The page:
When gas prices spike, the public finally opens its eyes to alternatives. It happened in the mid '70's when compact cars became big sellers. It's happening again today with hybrids flying off of lots. But with this surge in prices at the pump, I'm hearing more and more people talk about hydrogen fuel cell powered cars and SUVs.
Some of this is fueled (pardon the pun) by the public's hope that there's something on the horizon to help the country run on a fuel cheaper than gas. But there's also the fact several automakers are rolling models powered by hydrogen fuel cells.
Toyotajust announced it will introduce a fuel cell vehicle in Japan later this year with a range of up to 516 miles. Honda's FCX Clarity will be leased in California starting next month. And GM's project driveway has people around the country driving Hydrogen fuel cell models every day.
With all that activity, it's not surprising some think we're on the cusp of hydrogen models taking off. But the fact is, we're still many years from seeing these vehicles in large numbers around the country. Yes, I know I will hear from many bloggers who think that I'm trying to dampen enthusiasm for alternative powered cars and trucks. Sorry Charlie, that's not the case. I'm simply stating the facts.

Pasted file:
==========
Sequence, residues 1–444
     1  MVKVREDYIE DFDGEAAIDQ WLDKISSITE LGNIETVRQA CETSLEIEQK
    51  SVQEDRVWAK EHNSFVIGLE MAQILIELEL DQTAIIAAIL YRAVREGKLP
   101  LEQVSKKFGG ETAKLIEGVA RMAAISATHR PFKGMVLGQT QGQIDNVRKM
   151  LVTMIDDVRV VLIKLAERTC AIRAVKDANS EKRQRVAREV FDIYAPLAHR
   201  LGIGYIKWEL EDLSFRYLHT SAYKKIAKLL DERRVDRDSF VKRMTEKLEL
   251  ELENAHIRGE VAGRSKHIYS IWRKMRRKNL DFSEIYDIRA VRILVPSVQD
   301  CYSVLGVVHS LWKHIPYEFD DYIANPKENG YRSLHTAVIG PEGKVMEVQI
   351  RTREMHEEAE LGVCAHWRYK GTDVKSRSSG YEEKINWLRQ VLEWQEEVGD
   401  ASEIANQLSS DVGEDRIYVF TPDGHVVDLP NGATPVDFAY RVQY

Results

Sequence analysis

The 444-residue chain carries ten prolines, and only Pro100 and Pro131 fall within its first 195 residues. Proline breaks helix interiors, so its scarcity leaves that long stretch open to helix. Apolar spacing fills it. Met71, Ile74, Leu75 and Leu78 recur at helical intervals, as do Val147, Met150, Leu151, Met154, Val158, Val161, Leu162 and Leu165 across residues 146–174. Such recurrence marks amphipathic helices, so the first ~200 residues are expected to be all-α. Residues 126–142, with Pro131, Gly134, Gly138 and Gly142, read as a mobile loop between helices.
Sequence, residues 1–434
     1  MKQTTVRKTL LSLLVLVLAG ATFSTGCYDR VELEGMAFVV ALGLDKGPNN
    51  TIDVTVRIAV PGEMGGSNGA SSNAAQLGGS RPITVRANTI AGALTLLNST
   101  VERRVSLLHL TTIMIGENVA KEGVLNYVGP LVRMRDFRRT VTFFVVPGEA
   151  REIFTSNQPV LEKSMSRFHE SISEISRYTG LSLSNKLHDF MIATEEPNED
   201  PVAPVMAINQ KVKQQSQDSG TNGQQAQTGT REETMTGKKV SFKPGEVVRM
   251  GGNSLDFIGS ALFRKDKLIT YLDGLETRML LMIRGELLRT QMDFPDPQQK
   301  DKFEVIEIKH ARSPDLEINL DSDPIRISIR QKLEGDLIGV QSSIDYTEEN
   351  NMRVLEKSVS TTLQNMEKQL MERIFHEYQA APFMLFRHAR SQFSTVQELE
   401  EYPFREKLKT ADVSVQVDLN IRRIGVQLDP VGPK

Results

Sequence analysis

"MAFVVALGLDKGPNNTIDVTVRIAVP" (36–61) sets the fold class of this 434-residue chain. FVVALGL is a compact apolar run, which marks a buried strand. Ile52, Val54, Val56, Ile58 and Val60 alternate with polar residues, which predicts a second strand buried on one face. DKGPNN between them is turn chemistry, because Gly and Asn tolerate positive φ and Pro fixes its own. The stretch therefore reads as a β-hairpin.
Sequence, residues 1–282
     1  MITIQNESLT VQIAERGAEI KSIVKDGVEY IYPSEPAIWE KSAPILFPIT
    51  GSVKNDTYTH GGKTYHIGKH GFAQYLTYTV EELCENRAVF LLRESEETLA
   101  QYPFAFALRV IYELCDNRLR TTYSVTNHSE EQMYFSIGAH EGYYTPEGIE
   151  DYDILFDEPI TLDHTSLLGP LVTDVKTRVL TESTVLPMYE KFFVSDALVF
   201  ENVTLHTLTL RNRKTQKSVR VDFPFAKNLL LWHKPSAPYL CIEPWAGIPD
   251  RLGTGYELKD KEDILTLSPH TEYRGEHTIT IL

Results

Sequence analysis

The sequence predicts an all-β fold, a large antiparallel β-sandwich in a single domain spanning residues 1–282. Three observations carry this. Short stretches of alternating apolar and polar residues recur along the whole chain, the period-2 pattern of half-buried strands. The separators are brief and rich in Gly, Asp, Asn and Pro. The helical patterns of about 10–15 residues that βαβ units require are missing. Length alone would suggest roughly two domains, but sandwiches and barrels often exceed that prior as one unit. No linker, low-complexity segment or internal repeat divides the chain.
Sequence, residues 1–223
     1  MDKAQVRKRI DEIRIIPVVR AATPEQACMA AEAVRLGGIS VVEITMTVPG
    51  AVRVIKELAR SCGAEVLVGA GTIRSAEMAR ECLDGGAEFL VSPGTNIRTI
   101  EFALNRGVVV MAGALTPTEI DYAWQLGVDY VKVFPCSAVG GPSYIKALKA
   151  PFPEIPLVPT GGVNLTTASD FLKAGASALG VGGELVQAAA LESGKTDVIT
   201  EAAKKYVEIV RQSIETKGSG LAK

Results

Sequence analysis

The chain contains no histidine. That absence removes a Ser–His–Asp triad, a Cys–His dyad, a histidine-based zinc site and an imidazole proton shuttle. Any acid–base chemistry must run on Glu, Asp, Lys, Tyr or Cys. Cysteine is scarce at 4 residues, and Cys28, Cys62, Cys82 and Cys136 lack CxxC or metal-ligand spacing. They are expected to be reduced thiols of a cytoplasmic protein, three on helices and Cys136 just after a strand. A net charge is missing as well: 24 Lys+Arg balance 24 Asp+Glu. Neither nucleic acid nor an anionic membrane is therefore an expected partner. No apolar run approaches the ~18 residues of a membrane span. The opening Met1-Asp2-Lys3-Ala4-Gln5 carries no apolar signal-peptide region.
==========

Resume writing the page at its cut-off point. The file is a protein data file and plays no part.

As exciting as the prospects for Hydrogen fueled cars may be (and the possibilities are mind boggling), we lack two things to make them a mass market reality. Infrastructure and cost effective production. Right now, there are limited places to drive these cars, mainly California and some east coast cities, because there are so few hydrogen re-fueling stations.
It will take many years to build more through out the country. And while the current fuel cell vehicles are encouraging, they are limited production models that are still quite expensive to build. Heck, Honda is leasing it's FCX for $600 a month. Yes, there's a small pool of people ready to pay that monthly lease, but if Honda tried offering that price to 20,000 or 30,000 people around the country, I'm not sure that would happen.
The point of all this is to say that high gas prices will stir up a lot of interest in hydrogen, electric, non-corn based ethanol fuels. Just remember, harnessing those possibilities on a mass scale remains years from happening.
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